The vast majority of American gun owners are responsible and abide by the law. However, guns do not belong in the hands of domestic abusers and other people known to violently target women or others in relationships. When an abuser has access to firearms, the victim is 500 percent more likely to be murdered. Unfortunately, the federal laws intended to reduce domestic abusers' access to guns are filled with loopholes. These federal provisions do not apply to many known abusers, and states have sometimes struggled to effectively enforce these laws even when they do apply. The result is a constant stream of news reports about women and others killed by abusers with guns. States must take action to prevent further tragedies. This report provides a series of proposals that state legislators should consider enacting in their states to help protect women and families in abusive situations. These policies go beyond current federal law, but have been proposed in Congress.
Guns in the hands of the dangerously mentally ill have taken the lives of too many people. Mass shootings, like the shooting in a parking lot in Tucson, Arizona in January 2011, and the shooting in a movie theater in Aurora, Colorado in July 2012, have brought this problem to the attention of the American public. Experts have objected to the media's emphasis on mentally ill mass shooters, because mental illness is not the cause of most forms of gun violence toward others. Nevertheless, mental illness certainly plays a role in this violence, as the recent surge in mass shootings demonstrates. In fact, mental illness plays an even greater role in gun suicides, many of which could be averted if guns were temporarily removed from the situation. Existing state laws do not do enough to remove access to guns from dangerously mentally ill people. This report provides a series of proposals that state legislators should consider to address this problem and save lives.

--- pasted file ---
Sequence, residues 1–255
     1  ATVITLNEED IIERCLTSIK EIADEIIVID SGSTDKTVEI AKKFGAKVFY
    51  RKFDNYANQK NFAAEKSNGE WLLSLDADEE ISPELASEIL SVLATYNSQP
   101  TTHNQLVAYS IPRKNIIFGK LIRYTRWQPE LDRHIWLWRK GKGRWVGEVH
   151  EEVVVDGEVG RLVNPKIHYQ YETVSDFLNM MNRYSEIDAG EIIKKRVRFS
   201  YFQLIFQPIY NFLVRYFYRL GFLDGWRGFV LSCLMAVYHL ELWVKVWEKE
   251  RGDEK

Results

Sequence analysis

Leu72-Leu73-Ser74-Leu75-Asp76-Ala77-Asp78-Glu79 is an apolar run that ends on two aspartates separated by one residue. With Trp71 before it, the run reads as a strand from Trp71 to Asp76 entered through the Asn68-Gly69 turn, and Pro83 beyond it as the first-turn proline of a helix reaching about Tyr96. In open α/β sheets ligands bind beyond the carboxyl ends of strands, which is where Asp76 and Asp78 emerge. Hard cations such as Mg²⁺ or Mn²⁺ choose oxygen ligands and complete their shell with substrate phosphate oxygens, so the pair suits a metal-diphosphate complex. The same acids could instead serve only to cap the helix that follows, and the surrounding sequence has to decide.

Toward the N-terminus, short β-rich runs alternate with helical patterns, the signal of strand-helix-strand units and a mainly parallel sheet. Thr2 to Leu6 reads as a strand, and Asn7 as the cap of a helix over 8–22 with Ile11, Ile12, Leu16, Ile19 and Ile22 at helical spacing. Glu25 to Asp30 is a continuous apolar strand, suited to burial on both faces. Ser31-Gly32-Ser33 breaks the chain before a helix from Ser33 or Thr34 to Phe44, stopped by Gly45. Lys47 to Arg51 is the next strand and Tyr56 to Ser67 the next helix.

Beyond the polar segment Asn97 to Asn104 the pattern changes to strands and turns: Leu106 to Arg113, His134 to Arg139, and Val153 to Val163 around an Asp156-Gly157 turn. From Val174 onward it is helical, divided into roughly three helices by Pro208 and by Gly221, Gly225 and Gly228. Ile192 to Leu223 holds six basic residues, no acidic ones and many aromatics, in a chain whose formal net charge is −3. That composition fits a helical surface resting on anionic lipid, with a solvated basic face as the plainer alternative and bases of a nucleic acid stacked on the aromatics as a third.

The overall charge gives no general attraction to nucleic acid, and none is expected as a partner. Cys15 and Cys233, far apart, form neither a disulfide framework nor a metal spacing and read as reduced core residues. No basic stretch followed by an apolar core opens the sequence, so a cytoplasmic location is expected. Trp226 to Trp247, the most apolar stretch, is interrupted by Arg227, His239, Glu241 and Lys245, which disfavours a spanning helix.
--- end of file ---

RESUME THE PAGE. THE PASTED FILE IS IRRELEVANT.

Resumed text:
It is estimated that today there are about 4,000 websites dedicated to facilitating gun sales between private individuals. One of the largest of these sites -- Armslist.com -- essentially serves as an eHarmony or Craigslist for gun sales, connecting gun buyers and sellers in each of the 50 states. Buyers can search for-sale listings or want ads within their state or city, locate unlicensed sellers or buyers, and arrange to meet up in person to purchase guns. As long as the gun doesn't cross state lines or travel through the U.S. Postal System, 34 states allow these sales between strangers to take place unregulated and without criminal background checks. By contrast, 16 states require background checks for gun sales between private, unlicensed individuals like the stranger-to-stranger sales promoted on Armslist.com.In this study, we sought to determine if these laws make a difference. In particular, are there fewer online sales in states that require background checks compared to states that don't? Based on our survey of more than 90,000 online firearm listings, we conclude that online private sales are far more prevalent in states that do not require criminal background checks than among states that do. We recommend that states and Congress enact laws to require checks for these private sales and that gun safety organizations encourage private sellers to always use background checks when selling their firearms.